- Journal Archives
- Volume 17
- Volume 16
- Volume 15
- Volume 14
- Volume 13
- Volume 12
- Volume 11
- Volume 10
- Volume 9
- Volume 8
- Volume 7
- Volume 6
- Volume 5
- Volume 4
- Volume 3
- Volume 2
- Volume 1
Last Wednesday, an online hacker gained access to Republican Vice-Presidential Candidate Sarah Palin’s email account by correctly answering Yahoo’s security questions and resetting her password. After logging into her account, the hacker took screen shots of Palin’s inbox and personal emails. These screen shots were sent to websites, such as gawker.com, which subsequently published the images.
Supplementing state statutes that regulate illegal on-line activities, the Stored Communications Act and the Computer Fraud and Abuse Act both provide federal means for prosecuting the hacker. But in addition to the individual who logged into Palin’s email, attention has been drawn to the websites that published screen shots of her Yahoo! account. While it is easy to share Bill O’Reilly’s outrage at the invasion of privacy that Palin has suffered, his call for “those who posted the emails go to prison for a very long time” goes too far.
In 2001, the Supreme Court ruled on a strikingly similar topic in Bartnicki v. Vopper, which addressed a radio commentator broadcasting an illegally intercepted phone conversation. The Court ruled that because the conversation was illegally obtained by a third party, the radio station (who was not involved in the illegal interception) was protected by the First Amendment in its right to disclose the newsworthy material.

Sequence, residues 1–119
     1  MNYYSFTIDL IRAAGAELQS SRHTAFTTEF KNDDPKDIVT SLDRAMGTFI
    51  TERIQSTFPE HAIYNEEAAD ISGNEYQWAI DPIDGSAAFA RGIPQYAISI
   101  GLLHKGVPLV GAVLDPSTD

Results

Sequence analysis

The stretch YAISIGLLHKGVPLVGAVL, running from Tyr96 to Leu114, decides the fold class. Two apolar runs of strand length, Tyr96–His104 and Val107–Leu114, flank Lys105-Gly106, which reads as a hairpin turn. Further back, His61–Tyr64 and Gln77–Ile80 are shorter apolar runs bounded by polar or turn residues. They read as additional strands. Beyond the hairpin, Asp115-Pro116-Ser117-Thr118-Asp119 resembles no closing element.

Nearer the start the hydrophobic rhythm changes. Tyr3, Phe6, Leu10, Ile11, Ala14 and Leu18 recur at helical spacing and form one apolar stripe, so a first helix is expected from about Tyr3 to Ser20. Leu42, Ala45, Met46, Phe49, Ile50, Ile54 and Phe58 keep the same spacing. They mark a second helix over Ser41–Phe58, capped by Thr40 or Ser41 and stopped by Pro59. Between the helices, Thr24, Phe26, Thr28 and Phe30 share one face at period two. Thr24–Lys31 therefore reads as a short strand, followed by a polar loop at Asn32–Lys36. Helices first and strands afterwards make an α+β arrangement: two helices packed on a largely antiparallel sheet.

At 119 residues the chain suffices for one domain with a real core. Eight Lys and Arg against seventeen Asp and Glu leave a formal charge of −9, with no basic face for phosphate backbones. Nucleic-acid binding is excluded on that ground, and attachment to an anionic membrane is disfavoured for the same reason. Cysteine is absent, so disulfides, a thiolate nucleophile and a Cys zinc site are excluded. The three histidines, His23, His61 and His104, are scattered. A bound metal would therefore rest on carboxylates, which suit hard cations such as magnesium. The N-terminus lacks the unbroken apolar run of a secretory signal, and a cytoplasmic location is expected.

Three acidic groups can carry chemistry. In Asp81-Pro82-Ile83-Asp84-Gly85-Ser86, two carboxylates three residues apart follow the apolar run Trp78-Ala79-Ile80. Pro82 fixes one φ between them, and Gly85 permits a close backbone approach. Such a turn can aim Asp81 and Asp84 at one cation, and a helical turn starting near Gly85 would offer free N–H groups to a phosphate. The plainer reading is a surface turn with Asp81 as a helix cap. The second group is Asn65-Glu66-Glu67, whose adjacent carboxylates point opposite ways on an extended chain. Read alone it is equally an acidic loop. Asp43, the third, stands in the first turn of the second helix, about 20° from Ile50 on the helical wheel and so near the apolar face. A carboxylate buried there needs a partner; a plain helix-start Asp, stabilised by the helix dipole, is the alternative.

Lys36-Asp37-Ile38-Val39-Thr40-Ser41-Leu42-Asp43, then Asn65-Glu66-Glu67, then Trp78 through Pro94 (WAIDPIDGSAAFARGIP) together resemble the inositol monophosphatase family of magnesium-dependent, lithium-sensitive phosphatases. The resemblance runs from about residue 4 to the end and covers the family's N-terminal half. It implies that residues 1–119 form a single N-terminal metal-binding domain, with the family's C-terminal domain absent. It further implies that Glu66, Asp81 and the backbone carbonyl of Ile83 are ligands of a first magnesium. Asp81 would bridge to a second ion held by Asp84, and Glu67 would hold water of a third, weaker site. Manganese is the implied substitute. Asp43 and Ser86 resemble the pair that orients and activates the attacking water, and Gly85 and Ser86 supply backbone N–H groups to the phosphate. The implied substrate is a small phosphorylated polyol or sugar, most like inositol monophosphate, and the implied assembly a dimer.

The situation here is analogous. An individual illegally obtained private communications. He then sent them to numerous websites. Because the websites were not involved in the illegal procurement of the material, the First Amendment protects their right to publish the information. So while Bill O’Reilly’s moral indignation is understandable, his call for justice has no legal backing.
Recent Blog Posts
- The Vanderbilt Journal of Entertainment & Technology Law Jumps Thirty-One Spots to Highest Ranking Ever
- Hiding Behind the Computer Screen: James Woods Files Defamation Lawsuit Against a Twitter User
- Let’s Enjoy Fantasy Football…While We Can
- Guest Post: Tweeting Away Patient Privacy
- Naturally Occurring or Mind-made?
- Does China’s 2022 Winter Olympics Song Intentionally Plagiarized ‘Frozen’s’ ‘Let It Go’?
Tagsadvertising antitrust Apple books career celebrities contracts copyright copyright infringement courts creative content criminal law entertainment Facebook FCC film/television financial First Amendment games Google government intellectual property internet JETLaw journalism lawsuits legislation media medicine Monday Morning JETLawg music NFL patents privacy progress publicity rights radio social networking sports Supreme Court of the United States (SCOTUS) technology telecommunications trademarks Twitter U.S. Constitution